Gestational diabetes is a type of diabetes that occurs during pregnancy, and is characterized by your body not making enough insulin to turn sugar into fuel. Two out of 10 pregnant mothers have gestational diabetes. Poor control of gestational diabetes can lead to birth defects, but you may be able to keep it under control with diet and exercise. It's important to understand how you need to balance eating a bit more with managing your gestational diabetes.
What to Eat
Carbohydrates are your body's main source of fuel, and some carbohydrates are better than others. Choose foods with naturally occurring complex carbohydrates like fruits, vegetables, whole grains, low-fat dairy products, legumes, seeds and nuts. Keep carbohydrates like graham crackers or dried fruit on hand so you can snack if your blood sugar dips too low.
Other sources of carbohydrates are peas, potatoes, fruit, corn, milk, pasta, and rice. The timing of your carbohydrates can make a big difference. For example, you might want to consume fewer carbs at breakfast, when your insulin resistance is highest. But if you suffer from morning sickness, nibbling on pretzels before getting out of bed can help.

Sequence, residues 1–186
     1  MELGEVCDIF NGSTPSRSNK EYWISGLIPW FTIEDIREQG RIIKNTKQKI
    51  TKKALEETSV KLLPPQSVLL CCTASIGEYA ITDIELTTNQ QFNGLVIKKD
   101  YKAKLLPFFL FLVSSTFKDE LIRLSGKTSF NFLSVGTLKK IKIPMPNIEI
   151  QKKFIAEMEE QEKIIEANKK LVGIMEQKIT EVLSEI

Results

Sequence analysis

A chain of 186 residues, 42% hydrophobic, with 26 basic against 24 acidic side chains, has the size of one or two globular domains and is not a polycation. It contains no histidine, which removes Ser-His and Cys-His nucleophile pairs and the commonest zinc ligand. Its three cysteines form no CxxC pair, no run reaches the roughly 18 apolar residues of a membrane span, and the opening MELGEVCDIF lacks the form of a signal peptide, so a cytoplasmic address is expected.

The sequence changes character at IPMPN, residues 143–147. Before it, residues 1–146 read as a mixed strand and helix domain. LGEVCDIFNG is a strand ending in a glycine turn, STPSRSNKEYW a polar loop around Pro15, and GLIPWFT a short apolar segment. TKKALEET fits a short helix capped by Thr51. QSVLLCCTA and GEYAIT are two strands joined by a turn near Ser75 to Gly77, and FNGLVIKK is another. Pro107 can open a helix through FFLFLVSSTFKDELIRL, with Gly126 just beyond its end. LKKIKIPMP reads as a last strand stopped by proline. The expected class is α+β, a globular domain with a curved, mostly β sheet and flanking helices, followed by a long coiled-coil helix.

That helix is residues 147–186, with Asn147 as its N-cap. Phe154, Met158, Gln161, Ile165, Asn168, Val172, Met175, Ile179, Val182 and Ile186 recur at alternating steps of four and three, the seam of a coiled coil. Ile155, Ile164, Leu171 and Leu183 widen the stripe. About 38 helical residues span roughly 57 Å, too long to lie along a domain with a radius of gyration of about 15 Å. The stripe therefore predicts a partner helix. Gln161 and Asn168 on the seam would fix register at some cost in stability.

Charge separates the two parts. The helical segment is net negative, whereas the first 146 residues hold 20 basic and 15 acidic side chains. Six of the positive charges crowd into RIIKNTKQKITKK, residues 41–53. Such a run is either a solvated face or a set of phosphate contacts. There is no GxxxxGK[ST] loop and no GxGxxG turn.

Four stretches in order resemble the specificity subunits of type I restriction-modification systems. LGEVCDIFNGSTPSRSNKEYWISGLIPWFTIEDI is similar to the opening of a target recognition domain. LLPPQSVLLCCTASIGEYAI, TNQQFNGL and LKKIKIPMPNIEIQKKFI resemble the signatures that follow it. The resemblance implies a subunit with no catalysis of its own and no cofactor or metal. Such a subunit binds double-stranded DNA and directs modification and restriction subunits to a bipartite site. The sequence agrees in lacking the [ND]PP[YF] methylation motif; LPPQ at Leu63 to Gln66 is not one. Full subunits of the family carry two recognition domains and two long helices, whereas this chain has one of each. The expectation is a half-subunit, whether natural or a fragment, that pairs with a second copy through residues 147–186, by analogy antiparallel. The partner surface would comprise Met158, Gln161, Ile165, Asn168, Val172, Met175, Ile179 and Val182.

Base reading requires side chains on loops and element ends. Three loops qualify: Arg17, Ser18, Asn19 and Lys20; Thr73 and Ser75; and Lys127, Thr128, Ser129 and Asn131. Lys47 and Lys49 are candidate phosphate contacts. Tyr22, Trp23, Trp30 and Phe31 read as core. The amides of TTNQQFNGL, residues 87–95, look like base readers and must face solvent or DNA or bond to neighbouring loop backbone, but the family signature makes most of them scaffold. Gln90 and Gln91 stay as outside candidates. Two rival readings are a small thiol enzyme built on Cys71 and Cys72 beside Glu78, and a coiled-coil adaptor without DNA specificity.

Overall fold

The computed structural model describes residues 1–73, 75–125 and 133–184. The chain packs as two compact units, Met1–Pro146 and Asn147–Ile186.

Aim for moderate amounts of fat and protein, and be sure to drink at least 64 ounce of water each day. Have two to four servings of fruit and three to five servings of vegetables each day. It is a good idea to eat three to six small meals throughout the day rather than only eating at mealtimes. If your blood sugar drops too low, you can start to feel better quickly by drinking orange juice or eating something with honey.
Avoid regularly eating sugary items that can quickly raise your blood sugar and then send it crashing down, like soft drinks, cookies, candy and cake. Your doctor may also recommend that you incorporate physical activity into your daily schedule, and you may need to take medication or insulin injections to steady your blood sugar.
According to the Centers for Disease Control and Prevention, many women who have gestational diabetes will develop diabetes later in life, so be sure to follow your doctor's recommendations closely to keep yourself healthy. Keep in mind that every pregnancy is different, so you will need to talk to your doctor and adjust your diet according to what you need, your weight, your activity level, and how far along you are in your pregnancy.
Diet Plan for Gestational Diabetes
Posted On: 07-15-2016
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